An article in the files at the Hart County Historical Society states that Father Joseph Devries, a priest at New Haven, was transferred to Bowling Green to establish a parish in the spring of 1859. Hart County was Father Devries’ most promising mission, and in 1860 he obtained permission from his bishop to erect a church. The project was delayed and then abandoned because of the Civil War.
The care of missions along the railroad was assigned to the priest of St. Mary’s Church in Franklin in 1868. This arrangement lasted until the early 1880s when the priest of St. Ignatius Church in southern Hardin County was given charge of the parish in Bonnieville. Father Dominic F. Crane was sent to the parish in February 1887, and he revived the plan for erecting a Catholic Church in the area. A small edifice was dedicated under the name Our Lady of Mount Carmel on July 31, 1887. Around 1930 the late Father Hayes of Bowling Green stated that the church was used for services for several years and then torn down.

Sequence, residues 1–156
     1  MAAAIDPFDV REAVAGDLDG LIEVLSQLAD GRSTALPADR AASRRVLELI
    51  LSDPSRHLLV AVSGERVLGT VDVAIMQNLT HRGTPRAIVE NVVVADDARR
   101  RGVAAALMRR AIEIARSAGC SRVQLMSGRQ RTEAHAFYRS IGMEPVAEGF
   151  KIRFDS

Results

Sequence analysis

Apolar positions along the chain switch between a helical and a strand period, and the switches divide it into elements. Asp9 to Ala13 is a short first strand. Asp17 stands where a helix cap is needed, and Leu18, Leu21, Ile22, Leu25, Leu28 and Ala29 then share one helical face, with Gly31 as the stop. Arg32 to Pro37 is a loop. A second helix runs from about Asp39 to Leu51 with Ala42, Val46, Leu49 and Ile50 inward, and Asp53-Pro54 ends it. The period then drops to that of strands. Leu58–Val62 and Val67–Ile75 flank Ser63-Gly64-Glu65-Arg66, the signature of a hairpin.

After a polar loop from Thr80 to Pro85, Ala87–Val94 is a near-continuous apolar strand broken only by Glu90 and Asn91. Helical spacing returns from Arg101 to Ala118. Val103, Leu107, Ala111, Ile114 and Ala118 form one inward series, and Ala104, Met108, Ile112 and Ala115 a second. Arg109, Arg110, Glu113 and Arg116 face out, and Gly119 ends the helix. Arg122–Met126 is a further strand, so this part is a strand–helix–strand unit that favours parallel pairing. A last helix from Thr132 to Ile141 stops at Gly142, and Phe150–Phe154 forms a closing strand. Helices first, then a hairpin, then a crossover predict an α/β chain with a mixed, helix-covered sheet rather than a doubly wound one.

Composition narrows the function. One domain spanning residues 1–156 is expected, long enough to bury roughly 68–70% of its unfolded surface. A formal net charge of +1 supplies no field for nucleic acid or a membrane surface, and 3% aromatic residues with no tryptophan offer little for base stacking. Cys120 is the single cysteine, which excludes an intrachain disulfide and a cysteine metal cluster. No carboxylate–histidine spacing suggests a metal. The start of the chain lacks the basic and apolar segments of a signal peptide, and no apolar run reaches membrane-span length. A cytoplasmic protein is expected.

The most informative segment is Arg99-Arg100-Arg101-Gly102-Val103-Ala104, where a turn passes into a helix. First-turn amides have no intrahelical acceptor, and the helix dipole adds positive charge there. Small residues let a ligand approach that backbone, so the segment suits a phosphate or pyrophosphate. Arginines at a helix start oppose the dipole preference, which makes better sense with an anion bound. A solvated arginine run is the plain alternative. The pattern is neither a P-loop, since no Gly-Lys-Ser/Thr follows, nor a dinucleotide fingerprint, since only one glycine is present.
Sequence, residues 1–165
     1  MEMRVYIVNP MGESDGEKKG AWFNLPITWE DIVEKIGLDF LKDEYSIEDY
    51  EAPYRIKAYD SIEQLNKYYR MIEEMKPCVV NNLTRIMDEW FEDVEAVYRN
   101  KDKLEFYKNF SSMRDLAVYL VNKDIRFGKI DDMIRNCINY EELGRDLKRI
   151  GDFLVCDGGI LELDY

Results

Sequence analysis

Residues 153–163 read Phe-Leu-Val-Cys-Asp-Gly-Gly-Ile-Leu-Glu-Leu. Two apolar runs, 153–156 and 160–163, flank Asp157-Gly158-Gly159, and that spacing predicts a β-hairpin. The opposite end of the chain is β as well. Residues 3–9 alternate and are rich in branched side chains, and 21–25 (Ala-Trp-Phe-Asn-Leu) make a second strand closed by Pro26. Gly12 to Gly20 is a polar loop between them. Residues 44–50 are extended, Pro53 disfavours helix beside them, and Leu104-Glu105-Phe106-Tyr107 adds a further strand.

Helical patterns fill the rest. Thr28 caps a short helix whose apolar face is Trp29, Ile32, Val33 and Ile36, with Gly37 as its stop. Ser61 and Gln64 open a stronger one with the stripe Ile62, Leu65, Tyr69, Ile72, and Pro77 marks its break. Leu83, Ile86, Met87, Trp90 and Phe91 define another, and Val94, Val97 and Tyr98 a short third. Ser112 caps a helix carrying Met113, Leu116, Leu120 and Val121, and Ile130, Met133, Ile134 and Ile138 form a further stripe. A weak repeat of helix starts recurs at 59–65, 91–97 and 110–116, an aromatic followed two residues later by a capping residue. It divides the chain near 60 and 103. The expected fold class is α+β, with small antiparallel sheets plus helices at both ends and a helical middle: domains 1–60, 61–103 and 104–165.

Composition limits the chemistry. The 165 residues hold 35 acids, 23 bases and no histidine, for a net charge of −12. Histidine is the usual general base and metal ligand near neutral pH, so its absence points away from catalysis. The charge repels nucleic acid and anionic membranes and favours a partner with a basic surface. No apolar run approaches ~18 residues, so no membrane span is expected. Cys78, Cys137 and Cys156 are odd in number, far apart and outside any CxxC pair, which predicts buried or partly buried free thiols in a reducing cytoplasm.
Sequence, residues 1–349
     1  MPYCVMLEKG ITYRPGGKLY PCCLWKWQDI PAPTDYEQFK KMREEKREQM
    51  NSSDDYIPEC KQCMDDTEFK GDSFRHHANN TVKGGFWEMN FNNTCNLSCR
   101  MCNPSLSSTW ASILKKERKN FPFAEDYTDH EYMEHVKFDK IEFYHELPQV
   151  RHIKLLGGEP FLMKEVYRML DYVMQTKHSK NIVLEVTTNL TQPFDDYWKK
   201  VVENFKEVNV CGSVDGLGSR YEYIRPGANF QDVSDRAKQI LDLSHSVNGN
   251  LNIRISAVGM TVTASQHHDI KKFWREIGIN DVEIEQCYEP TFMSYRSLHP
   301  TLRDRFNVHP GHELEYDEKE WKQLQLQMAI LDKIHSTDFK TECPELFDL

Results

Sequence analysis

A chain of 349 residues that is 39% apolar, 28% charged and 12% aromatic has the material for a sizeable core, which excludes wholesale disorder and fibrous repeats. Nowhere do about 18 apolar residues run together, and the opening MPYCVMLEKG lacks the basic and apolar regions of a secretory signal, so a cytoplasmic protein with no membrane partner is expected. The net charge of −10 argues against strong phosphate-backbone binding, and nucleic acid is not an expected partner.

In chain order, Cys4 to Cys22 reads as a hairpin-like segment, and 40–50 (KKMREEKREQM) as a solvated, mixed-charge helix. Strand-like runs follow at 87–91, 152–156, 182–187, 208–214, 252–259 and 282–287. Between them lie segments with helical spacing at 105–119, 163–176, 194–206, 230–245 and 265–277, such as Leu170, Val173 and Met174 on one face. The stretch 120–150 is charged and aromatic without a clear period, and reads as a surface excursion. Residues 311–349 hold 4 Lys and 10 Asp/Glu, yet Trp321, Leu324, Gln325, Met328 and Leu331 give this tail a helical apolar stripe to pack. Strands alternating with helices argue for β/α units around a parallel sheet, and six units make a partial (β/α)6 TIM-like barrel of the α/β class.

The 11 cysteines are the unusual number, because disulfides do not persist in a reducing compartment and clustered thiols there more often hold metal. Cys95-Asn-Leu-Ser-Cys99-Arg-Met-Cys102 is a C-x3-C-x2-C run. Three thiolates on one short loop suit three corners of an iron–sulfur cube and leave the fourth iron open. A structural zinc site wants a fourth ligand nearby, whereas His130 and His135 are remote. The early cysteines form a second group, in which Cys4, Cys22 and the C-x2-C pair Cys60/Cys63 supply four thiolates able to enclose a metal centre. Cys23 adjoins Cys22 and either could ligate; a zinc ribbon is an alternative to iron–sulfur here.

The exact location of the church is unknown, however, two gravestones in the Catholic Cemetery are still standing. The cemetery is located on Catholic Hill (the name of the street) in the southern city limits of Bonnieville.
The two gravestones that have survived time, weather, and bulldozers are: Katie Sweeney, daughter of Morgan and Sarah Sweeney, born 6 March 1881, died 29 Sept 1884 and James B. Earl, born 25 Feb 1854, died 17 Aug 1890. At least three other graves are known to be in this cemetery: Michael Lawler, born abt 1835 in County Tipperary, Ireland, died 11 April 1892; Andrew Murdock; and Eleanor S. Mellown, born 27 Apr 1847, 14 years old at death. Members of the Jamison family and the Lee family are also said to have been buried here.
Source: Research by Judy Lawler, Munfordville, KY
Provided by Edith Bastin